By the late 1960's, Hong Kongs population of 4 million ¡Fwas crowded into the twin cities of Victoria and Kowloon, around Victoria Harbour. With some 90% of Hong Kongs total land area relatively unoccupied, however, the policy decision was made for massive investment in new cities to cater for projected populated increases. Complementary to this, however, the need was seen to provide some protection for what had hitherto been Hong Kong' countryside by the formal establishment of Country Parks which would serve as important recreational facilities.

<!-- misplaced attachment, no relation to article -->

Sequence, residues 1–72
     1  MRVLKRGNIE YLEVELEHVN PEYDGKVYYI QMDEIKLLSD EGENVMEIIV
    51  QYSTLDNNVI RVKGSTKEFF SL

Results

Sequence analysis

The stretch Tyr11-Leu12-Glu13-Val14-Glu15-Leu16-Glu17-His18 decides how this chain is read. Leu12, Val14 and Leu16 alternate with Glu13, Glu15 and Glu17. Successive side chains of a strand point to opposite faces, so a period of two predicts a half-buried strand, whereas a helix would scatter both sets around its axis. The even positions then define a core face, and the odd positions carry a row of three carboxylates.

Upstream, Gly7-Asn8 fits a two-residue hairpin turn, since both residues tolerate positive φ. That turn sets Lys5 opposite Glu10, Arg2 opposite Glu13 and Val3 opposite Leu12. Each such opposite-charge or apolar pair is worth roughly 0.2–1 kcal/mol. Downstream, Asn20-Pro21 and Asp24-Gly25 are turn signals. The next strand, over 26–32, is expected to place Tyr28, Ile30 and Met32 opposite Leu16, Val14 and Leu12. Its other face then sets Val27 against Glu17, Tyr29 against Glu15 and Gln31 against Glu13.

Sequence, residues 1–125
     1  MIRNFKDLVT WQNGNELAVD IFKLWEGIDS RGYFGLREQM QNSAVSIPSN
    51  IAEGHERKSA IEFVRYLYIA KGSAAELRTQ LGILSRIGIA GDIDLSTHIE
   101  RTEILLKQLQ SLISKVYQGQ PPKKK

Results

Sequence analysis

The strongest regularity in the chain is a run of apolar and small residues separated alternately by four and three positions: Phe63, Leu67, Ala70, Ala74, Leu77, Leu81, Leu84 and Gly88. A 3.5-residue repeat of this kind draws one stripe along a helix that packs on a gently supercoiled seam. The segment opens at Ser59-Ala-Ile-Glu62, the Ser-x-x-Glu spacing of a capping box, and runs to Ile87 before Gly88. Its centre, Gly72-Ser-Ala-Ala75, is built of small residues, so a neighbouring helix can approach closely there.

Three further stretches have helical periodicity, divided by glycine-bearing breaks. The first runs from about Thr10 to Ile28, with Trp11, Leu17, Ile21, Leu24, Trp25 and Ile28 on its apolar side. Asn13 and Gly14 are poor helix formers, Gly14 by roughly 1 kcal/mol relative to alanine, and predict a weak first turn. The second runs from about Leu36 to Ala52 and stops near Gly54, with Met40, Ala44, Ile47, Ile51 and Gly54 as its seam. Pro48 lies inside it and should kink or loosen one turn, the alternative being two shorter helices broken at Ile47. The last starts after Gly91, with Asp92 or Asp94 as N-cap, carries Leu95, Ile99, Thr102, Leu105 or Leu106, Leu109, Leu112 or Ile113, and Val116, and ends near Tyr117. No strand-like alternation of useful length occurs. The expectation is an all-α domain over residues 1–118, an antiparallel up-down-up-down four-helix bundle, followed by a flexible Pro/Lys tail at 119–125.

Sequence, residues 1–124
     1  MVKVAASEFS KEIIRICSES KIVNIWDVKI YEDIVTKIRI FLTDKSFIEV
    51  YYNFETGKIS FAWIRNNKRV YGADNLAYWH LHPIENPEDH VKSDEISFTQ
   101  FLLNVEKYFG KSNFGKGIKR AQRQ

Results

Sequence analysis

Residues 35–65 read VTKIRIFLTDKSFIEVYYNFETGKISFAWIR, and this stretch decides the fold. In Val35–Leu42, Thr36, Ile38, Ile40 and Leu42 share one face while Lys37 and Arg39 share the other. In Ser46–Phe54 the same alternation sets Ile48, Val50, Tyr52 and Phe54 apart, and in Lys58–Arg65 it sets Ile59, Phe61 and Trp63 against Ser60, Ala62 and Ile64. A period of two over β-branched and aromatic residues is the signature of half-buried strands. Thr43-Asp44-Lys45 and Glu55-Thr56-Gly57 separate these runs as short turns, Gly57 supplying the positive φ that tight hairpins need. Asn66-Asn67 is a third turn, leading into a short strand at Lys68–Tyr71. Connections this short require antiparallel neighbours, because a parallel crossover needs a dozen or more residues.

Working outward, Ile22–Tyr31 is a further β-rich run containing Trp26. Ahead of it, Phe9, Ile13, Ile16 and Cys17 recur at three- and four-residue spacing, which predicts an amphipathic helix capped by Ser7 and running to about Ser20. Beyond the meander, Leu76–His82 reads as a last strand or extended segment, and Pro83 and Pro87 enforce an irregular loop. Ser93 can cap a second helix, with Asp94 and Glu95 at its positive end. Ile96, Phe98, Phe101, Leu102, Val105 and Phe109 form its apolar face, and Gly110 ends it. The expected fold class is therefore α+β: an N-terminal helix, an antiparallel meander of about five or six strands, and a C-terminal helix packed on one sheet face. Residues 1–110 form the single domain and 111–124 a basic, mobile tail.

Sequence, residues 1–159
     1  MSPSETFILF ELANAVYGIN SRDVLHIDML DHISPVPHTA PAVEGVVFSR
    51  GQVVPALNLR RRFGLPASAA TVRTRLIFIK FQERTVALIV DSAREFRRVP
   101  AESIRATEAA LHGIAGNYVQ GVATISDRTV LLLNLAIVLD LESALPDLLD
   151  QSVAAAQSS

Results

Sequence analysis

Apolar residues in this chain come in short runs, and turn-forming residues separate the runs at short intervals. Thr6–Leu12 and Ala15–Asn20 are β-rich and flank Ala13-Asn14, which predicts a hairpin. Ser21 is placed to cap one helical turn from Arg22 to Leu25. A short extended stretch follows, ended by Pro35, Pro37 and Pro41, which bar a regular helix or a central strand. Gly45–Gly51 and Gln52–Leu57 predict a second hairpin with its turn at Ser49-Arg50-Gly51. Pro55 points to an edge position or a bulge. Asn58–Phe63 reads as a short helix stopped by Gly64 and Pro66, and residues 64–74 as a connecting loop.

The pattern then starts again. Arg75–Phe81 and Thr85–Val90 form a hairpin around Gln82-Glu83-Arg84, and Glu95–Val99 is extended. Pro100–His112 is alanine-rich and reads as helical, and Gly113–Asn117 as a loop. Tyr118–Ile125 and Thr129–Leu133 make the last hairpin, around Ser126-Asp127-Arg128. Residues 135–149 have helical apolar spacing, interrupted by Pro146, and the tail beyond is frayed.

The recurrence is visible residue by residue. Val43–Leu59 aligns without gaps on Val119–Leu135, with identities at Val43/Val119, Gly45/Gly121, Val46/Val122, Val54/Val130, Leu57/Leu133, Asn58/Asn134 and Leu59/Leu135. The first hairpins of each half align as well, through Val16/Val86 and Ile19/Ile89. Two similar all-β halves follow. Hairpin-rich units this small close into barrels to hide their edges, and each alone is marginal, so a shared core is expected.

Conservation has not achieved a similar success and few of Hong Kong's locally important natural habitats receive other than modest protection. There is, however in the schools and institutes of tertiary education, a growing awareness of both urban and natural environmental issues so that all students receive some, even if minimal, schooling in these matters. This is not enough, and for many school leavers, their understanding of the Hong Kong environment will be inadequate. Local conservation organisations and World Wildlife Fund Hong Kong, however, are now actively promoting conservation through education. There is a woeful lack of Field Studies Centres in Hong Kong, but World Wildlife Fund Hong Kong at least is becoming more deeply involved in practical conservation, reserve management and active in environmental education. The example of Hong Kong's premier wetland habitat, the Mai Po marshes, is discussed. It is concluded that Hong Kong must and can provide Recreation, Conservation and Environmental Education as an integrated whole as this unique place matures.
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